• He gathers his belongings, heads to the Gare Du Nord, and prepares for a life of loneliness and despair
  • At the station, he’s pulled aside by a guard. He’s asked to open his bag. And there, blankly staring and still softly dripping, is the head of His Beloved.

I hope you can see the instant improvement here. That premise is basically all set up for a book that sells to an agent, a publisher and a supermarket buyer.

Yes: a million questions remain unanswered, but the basic sell is instant, strong and memorable. You can pretty much imagine the cover already. (“He proposed. She refused. And someone killed her.” “The must-read thriller that everyone’s talking about.”)

Of course, a good premise is thirty good pages, nothing more. There’s a lot more to be done to complete a plausible novel. Some thoughts:

  • Who tells this novel? Tom W saw the Parisian detective as the central character. Personally, I think this is beautifully designed to be a proper psychological thriller with Young Man as the narrator. Done that way, the book would be a did-he or didn’t-he story the whole way through, with the reader changing their minds about five times through the book.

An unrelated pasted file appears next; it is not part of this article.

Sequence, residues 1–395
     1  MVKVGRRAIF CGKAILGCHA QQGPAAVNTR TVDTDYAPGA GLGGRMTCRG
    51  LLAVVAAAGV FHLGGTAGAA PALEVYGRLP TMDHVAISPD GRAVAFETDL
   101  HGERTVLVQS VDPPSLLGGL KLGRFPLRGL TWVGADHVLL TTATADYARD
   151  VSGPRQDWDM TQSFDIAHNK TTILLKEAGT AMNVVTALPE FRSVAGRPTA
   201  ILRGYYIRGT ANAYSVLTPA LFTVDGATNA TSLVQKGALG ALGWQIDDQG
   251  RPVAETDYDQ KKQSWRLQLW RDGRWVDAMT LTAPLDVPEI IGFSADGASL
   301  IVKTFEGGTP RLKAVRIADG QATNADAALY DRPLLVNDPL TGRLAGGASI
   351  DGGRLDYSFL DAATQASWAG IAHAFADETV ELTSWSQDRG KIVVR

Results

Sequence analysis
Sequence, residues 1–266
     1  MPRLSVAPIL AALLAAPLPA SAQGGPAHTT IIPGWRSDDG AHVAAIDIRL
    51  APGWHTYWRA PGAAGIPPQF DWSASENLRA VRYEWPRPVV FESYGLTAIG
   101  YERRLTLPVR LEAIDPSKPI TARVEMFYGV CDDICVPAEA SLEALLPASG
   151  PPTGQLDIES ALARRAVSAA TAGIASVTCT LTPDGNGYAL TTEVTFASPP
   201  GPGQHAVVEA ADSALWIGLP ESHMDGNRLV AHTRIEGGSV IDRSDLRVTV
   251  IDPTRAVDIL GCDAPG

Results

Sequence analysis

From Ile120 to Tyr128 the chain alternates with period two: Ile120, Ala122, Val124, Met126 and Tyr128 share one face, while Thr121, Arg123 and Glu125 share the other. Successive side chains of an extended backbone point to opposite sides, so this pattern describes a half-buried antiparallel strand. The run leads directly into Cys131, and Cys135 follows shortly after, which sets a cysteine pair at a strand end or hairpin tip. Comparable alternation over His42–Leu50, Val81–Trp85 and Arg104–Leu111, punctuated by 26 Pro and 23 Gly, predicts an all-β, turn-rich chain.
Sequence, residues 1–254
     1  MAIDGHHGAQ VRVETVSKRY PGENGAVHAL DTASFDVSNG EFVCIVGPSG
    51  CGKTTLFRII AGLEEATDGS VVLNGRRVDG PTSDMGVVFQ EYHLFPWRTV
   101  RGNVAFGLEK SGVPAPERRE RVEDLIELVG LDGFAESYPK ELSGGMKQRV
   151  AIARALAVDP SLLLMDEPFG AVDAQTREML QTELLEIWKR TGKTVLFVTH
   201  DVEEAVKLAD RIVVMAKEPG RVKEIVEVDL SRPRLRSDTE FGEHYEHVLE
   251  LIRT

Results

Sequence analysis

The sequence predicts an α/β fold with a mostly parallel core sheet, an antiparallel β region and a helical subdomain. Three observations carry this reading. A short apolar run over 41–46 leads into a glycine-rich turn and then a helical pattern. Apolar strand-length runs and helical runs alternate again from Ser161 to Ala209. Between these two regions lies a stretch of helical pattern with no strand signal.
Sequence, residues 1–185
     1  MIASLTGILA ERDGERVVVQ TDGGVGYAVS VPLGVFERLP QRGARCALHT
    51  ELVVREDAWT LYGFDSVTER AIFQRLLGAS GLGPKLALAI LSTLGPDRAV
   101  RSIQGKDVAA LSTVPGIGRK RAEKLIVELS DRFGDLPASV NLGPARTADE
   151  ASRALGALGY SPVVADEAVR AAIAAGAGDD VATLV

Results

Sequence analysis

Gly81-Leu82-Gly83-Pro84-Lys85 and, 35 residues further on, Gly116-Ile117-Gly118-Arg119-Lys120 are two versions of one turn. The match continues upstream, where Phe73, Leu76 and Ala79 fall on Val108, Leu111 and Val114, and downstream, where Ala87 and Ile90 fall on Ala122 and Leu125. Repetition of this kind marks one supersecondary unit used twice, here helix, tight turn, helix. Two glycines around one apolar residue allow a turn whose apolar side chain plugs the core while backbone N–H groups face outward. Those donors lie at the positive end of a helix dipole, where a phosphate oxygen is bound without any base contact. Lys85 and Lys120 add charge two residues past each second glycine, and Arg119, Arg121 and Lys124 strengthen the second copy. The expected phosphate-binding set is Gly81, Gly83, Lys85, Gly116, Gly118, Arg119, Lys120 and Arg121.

• Who did kill the Beloved? A criminal gang? Some shadow from her dark past? Probably. But the marriage proposal had to be causally linked to her death. So the Beloved would still be alive if Young Man hadn’t proposed. You can’t just have the death as a random accident.
  • Climax and Denouement. For me, the Parisian setting is important, not just a throwaway starter. So the climax probably needs a Parisian, or at least a French, setting. One delegate suggested we have a battle on top of the Eiffel Tower with some bad guy being hurled to his death. That’s probably a bit comedic, in all honesty, but the basic thought process is spot on.

The hard part of this book is going to be knitting together the Beloved’s dark past with the head in the bag. I mean, yes, you could imagine scenarios where bad guys want to kill the Beloved. But why don’t the bad guys just drop Beloved into the river? Why go to all the trouble of sticking a head into Young Man’s hand luggage?

You will need to find an answer to that question that’s plausible enough to carry the book. Not real, true-to-life plausible, perhaps, but something that gets you over the line. (In my The Dead House, I had a basic plausibility issue with my crime. I don’t think the crime I dealt with has ever or would ever happen, but I probably did just enough to get away with it in fictional terms. That’s all you need.)

I’ve talked about all this in the context of crime, but the same kind of thinking applies no matter what your genre. Some strong selling line. Some good unity of concept and tightness of execution. Lots of trial and error when it comes to developing a given starting point.

That’s plotting. That’s writing. And it’s hard! But it’s fun.

What about you? How do you construct a novel? Do you start with an inciting incident? WIth an elevator pitch? With something random? And what do you do from there? Tell all.

Oh yes, and I'm going to run a completely free webinar or two this autumn. Just tell me what you'd like me to talk about and I'll put my thnking cap on. No subject excluded, except possibly Brexit.